Figure 2 NLRP3 inflammasome activation following non-canonical inflammasome activation. The non-canonical inflammasome pathway is mediated by caspase-11 in mouse cell and caspase-4/caspase-5 in a human cell in response to cytoplasmic bacterial lipopolysaccharide (LPS). Caspase-4/5/11 cleaves GSDMD to initiate pyroptosis, thus leads to NLRP3 inflammasome activation. GSDMD and P2X7 receptor/Pannexin-1 have been proposed to mediate potassium efflux, which underlies the mechanism of NLRP3 inflammasome activation following non-canonical inflammasome.
Cytoplasmic LPS directly binds the caspase recruitment domain (CARD) of caspase-4/5/11, triggering caspase-4/5/11 cleaves GSDMD to initiate pyroptosis (18, 19). Caspase-11 mediated pyroptosis in response to cytosolic LPS is critical for antibacterial defense and septic shock in mice as demonstrated that GSDMD–/– and caspase11–/– mice could be protected against LPS-induced lethality (20, 21). Besides directly causing pyroptosis, the non-canonical inflammasome also promotes the canonical NLRP3 inflammasome to cause the maturation and release of IL-1β and IL-18 (19).
Ion Channels and Pore-Forming Proteins Mediating Potassium Efflux During NLRP3 Inflammasome Activation
It has been well accepted that potassium (K+) efflux is both necessary and sufficient for NLRP3 inflammasome activation in most cases (22–25). First, a large reduction of intracellular potassium concentration was observed to activate the NLRP3 inflammasome by ATP, nigericin, and crystal molecules (23). Furthermore, incubation of primed macrophages in a K+-free medium was sufficient to trigger NLRP3 inflammasome activation (26). In contrast, NLRP3 inflammasome activation could be blocked by high concentrations of extracellular potassium (30-45 mM) (23, 26). Besides, AIM2 and NLRC4 inflammasomes activation was not affected by high concentrations of extracellular K+, indicating potassium’s specific role in modulating NLRP3 inflammasome (23–25).
Structurally diverse DAMPs/PAMPs employ distinct mechanisms to cause potassium efflux to activate the NLRP3 inflammasome. Firstly, the existing research mainly focuses on the molecular mechanism of potassium efflux during ATP-induced NLRP3 inflammasome activation. The P2X7 receptor, pannexin-1, and K2P channels have been reported to participate in the process above (24, 25, 27). Secondly, toxins such as nigericin directly promote potassium efflux by forming pores on the plasma membrane. NLRP3 inflammasome could also be activated following the non-canonical inflammasome or caspase-8 mediated pyroptosis, which also depends on potassium efflux (28–31). Controversially, GSDMD, and pannexin-1 have been proposed to mediate potassium efflux in the above process to activate NLRP3 inflammasome (19, 29, 30, 32, 33). This section will review the current knowledge about ion channels’ roles and pore-forming proteins mediating potassium efflux during NLRP3 inflammasome activation under different circumstances.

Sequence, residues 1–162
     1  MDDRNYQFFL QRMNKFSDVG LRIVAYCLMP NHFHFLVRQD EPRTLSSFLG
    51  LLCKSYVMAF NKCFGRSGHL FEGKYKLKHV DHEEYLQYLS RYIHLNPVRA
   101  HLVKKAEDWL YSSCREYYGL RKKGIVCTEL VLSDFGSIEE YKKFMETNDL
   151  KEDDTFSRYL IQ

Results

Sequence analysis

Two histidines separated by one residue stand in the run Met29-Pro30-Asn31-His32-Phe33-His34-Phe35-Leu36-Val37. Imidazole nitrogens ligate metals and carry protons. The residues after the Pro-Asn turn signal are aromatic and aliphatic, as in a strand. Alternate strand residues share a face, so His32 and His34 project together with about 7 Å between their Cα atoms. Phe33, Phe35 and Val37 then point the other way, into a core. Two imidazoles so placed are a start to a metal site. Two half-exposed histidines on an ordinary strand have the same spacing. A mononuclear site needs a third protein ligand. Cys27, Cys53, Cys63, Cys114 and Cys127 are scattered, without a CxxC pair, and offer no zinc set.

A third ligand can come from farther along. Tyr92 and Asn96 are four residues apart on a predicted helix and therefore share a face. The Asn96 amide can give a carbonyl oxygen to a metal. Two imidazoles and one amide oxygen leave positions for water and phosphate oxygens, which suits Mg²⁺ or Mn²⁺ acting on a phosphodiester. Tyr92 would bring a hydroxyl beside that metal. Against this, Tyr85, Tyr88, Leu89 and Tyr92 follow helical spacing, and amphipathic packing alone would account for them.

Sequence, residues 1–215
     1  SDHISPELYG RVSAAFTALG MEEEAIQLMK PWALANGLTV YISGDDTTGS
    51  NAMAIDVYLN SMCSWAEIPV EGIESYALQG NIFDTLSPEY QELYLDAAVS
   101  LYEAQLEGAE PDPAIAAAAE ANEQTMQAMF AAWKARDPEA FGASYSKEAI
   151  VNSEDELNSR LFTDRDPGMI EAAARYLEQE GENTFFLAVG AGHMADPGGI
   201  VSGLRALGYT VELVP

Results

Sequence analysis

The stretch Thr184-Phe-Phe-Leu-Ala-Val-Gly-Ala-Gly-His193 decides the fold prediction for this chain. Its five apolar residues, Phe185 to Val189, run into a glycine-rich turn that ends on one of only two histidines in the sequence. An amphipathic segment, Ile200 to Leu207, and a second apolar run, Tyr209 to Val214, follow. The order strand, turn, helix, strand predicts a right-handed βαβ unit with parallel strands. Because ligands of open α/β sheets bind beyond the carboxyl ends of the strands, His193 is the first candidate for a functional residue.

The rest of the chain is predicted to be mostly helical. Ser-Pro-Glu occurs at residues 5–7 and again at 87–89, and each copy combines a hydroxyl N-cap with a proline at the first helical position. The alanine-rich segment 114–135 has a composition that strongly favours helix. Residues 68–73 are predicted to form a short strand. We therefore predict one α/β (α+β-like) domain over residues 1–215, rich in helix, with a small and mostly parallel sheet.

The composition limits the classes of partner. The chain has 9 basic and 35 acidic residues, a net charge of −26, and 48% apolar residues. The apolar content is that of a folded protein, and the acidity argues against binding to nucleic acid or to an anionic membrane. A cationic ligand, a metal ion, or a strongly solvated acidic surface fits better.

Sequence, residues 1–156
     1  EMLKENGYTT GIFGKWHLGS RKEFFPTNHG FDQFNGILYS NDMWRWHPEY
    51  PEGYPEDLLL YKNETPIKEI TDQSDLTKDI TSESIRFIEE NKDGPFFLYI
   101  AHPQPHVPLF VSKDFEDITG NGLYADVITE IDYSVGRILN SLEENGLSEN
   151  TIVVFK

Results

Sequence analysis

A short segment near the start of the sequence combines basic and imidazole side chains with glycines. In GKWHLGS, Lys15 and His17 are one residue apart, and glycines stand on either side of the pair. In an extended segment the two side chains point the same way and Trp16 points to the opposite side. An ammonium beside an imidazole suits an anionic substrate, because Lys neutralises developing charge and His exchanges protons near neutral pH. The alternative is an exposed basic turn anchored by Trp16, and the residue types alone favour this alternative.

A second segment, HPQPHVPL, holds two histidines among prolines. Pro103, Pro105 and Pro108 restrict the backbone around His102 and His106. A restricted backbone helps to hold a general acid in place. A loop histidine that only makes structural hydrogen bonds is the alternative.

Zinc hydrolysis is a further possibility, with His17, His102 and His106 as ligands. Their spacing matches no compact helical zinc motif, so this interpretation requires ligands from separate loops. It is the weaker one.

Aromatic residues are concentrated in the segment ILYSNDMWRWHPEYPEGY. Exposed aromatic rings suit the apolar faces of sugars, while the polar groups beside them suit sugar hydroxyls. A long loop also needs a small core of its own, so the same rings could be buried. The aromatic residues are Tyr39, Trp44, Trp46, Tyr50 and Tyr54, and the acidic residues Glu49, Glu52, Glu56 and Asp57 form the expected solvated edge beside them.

The P2X7 receptor is an ATP-gated cation-selective channel widely expressed in various immune cells (34). At resting conditions, extracellular ATP concentration is at low levels (<10 nM/L), which will be massively increased to several tens or hundreds of μmoles/l within stressed or dying cells (35). The elevated extracellular ATP activates the P2X7 receptor, which then mediates potassium efflux and thus leads to NLRP3 inflammasome activation (34, 36–38).
Besides, the canonical NLRP3 inflammasome, P2X7 receptor, and pannexin-1 (see Pannexin-1) also have been reported to participate in non-canonical inflammasome (39) coordinately. It was reported that the activated caspase-11 cleaves pannexin-1 followed up by ATP release, which in turn activates the P2X7 receptor to mediate potassium efflux and NLRP3 inflammasome activation (39). Correspondingly, the P2X7 receptor ablation significantly reduced the mortality of mice and IL-1β secretion in peritoneal fluid in a sepsis mice model (39). However, this study is contradicted with studies by several other groups that we will discuss in the next section.
Gasdermin D (GSDMD) has been identified as the executor of pyroptosis activated by caspase-1/4/5/11 in 2015 (19, 31, 40). Full-length GSDMD includes the N-terminal (GSDMD-N) and C-terminal repressor domain (GSDMD-C) interacting with each other in the absence of stimulation. This auto-inhibitory conformation is released upon efficient cleavage at a conserved glutamic acid residue (D276 in mouse and D275 in human GSDMD) caspase-1/4/5/11, dividing GSDMD into GSDMD-N and GSDMD-C. The generation of GSDMD-N allows it to insert into the plasma membrane and form large oligomeric pores, leading to IL-1β and IL-18 secretion and pyroptosis. Kayagaki et al. and Shi et al. reported that potassium pass through the pore-forming GSDMD, which further leads to NLRP3 inflammasome activation during non-canonical inflammasome activation (18, 19). Besides mediating pyroptosis and NLRP3 inflammasome activation, GSDMD was recently reported to restrain type I interferon response to cytosolic DNA by driving potassium efflux (41).